USC Marshall held its third annual ATHENA Conference Nov. 7th at Town & Gown on the University Park Campus. And although the line-up of keynote speakers and panels change from year to year, the primary force behind the conference says the same:
The room was at capacity with women entrepreneurs, and networking was brisk.
Case in point: a Marshall alumna Chelsea LaFerla '18, sat next to a woman who complimented her dress. “Thank you," she said. "I make these.” LaFerla is the founder and owner of Petitas Los Angeles, a clothing brand made by and for petite women. The woman handed over her card. “Let’s talk,” she said.
Scenes like this played out hundreds of times over the course of the day-long event, which featured panels, keynote speakers, pitch competition awards and comments from USC President Dr. Carol Folt.
“ATHENA convenes founders, investors, entrepreneurs, and students for conversations and action around issues facing entrepreneurs at all stages,” said David Belasco, executive director of the Lloyd Greif Center for Entrepreneurial Studies.
“Nobody told us we couldn’t do it, so we did it."—Jane Wurwand, Founder of Dermalogica
The Female Quotient, a female-owned business committed to advancing equality in the workplace and the world through collaboration, bringing visibility to women, activating solutions for change, and creating metrics for accountability, joined the event this year.
Four panels over the course of the day featured entrepreneurs and thought leaders who touched on all manner of issues facing founders, especially those who are women or people of color.
Navigating early-stage funding ("Building Founder Success: From Seed to Growth.); Investment ("Taking Charge: Investors Leveling the Field."); "Empowering Artists as Entrepreneurs," and "Messaging your Mission: When What we Value is Hard to Sell."
The program also featured a fireside between Gillian Zucker of the Los Angeles Clippers, interviewed by Shelley Smith of ESPN.
Singer and songwriter Jensen McRae, a 2019 Thornton graduate, serenaded attendees during lunch.
Some Skin in the Game
The day’s keynote speaker was Jane Wurwand, founder of Dermalogica, interviewed by Willow Bay, Dean of the Annenberg School for Communications and Journalism.
Wurwand who came to California from England with her then boyfriend (now husband) in 1983, saw a niche for skin-care products for salons. Hers is a quintessential bootstrapped, rags to riches story.
When her mother became a widow at age 38, she told her four young daughters that they had to “learn how to do something,” in order to make a living for themselves. Wurwand dutifully complied and attended vocational school to become a trained skin-care esthetician.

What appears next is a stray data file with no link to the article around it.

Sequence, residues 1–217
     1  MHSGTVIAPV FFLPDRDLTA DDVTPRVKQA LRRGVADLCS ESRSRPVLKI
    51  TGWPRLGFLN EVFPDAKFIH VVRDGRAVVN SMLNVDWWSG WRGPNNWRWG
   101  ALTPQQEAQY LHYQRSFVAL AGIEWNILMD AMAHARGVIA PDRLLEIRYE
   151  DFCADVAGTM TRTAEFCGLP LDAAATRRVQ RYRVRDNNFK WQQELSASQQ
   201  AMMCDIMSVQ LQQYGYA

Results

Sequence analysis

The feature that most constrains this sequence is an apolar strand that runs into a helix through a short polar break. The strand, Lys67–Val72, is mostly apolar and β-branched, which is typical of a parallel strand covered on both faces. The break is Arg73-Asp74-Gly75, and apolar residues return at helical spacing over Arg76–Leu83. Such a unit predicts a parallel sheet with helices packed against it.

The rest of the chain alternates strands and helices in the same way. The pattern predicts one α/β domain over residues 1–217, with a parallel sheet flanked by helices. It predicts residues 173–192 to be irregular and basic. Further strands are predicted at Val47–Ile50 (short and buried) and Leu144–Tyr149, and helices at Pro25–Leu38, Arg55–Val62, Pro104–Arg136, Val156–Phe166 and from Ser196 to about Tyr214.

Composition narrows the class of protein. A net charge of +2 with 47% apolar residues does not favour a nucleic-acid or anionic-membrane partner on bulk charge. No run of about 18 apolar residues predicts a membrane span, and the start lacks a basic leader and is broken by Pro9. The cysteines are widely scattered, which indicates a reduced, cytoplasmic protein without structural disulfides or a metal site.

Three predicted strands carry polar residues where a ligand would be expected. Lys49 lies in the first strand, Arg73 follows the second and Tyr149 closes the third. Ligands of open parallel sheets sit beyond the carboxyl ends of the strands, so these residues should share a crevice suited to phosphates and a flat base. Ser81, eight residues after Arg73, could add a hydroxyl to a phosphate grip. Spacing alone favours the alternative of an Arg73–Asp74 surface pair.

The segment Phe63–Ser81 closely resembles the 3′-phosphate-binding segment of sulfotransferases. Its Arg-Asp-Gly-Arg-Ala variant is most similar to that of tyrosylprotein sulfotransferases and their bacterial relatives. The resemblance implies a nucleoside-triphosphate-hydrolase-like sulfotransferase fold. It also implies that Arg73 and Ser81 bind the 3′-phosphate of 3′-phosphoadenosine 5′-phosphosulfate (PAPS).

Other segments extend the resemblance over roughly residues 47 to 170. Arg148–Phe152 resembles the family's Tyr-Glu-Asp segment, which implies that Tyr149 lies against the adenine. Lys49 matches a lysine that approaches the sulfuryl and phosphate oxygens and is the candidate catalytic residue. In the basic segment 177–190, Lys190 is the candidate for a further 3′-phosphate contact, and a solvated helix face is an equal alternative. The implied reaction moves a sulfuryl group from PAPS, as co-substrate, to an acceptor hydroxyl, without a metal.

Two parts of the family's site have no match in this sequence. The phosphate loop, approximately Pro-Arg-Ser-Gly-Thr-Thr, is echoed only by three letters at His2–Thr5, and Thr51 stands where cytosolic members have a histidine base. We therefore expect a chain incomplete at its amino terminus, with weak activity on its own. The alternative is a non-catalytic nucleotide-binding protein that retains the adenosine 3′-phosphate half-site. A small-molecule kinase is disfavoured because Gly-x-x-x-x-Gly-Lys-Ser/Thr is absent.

“I can wax a bikini line in 7 minutes,” she said, to laughs.
Upon arriving in Los Angeles in the early ‘80s, she quickly realized there were no high-end skin care lines being made in the country. She set out to fill that niche. She also set up training for skin-care professionals.
“Nobody told us we couldn’t do it, so we did it,” she said. “People asked what are exit strategy was and we didn’t know what they were talking about. We wanted to build the largest privately held skin care company in the world.”
She succeeded. And in 2015 Dermalogica was acquired by Consumer Package Goods giant Unilever. Since then Wurwand has focused on several initiatives that support and nurture local businesses, and in particular, women-led businesses. She recently launched Found/LA to connect local entrepreneurs with funding and coaching in their neighborhoods and cities.
“We started FoundLA.org and put it back into the city that brought us to the map, and that’s LA,” said Wurwand. She hopes to scale the concept to other cities around the country and beyond.
Behind the Event
ATHENA is co-sponsored by Marshall’s Lloyd Greif Center for Entrepreneurial Studies and the MS in Entrepreneurship and Innovation degree program, as well as by the USC Annenberg School of Communications and Journalism.
The conference benefits from the vision and focus of a small group of women who oversee its production. Marshall alumna Suzy Ryoo, Co-founder, president and Chief Strategy Officer at Q & A; Marshall lecturer Robyn Ward, founder of Founder Forward, a leadership accelerator for female founders, and Jeymi Choi, the associate director of Marshall’s MS in Social Entrepreneurship.
“She runs the MSEI program, worked countless hours on ATHENA, and is also completing an Ed.D.,” said Elissa Grossman, director of the Lloyd Greif Center for Entrepreneurial Studies and Orfalea Director’s Chair in Entrepreneurship, associate professor of clinical entrepreneurship. “You just have to stop and admit she’s amazing.”